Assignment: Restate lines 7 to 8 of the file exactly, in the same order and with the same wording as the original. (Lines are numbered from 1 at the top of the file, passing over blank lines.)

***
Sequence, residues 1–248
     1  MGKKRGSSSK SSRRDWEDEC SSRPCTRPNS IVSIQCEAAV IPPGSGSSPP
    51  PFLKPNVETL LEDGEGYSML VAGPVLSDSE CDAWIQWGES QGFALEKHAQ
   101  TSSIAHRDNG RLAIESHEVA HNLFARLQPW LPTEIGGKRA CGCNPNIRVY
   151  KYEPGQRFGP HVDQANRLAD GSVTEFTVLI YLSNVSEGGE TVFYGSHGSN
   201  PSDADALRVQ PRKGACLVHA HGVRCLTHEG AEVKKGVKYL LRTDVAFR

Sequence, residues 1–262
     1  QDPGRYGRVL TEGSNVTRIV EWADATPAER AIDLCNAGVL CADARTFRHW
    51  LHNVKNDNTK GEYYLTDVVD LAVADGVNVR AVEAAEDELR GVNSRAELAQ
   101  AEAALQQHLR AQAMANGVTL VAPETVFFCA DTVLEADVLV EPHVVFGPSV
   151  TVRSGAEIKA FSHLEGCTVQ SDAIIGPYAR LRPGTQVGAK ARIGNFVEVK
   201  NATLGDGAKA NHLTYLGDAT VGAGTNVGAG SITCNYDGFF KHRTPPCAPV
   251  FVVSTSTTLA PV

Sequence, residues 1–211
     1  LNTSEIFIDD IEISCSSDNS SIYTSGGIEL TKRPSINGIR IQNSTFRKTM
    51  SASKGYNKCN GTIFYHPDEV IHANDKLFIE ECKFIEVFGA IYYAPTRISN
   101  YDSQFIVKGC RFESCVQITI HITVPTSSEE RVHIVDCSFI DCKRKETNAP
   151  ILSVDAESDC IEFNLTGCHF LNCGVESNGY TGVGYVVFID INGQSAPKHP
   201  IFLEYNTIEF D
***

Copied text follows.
Sequence, residues 1–262
     1  QDPGRYGRVL TEGSNVTRIV EWADATPAER AIDLCNAGVL CADARTFRHW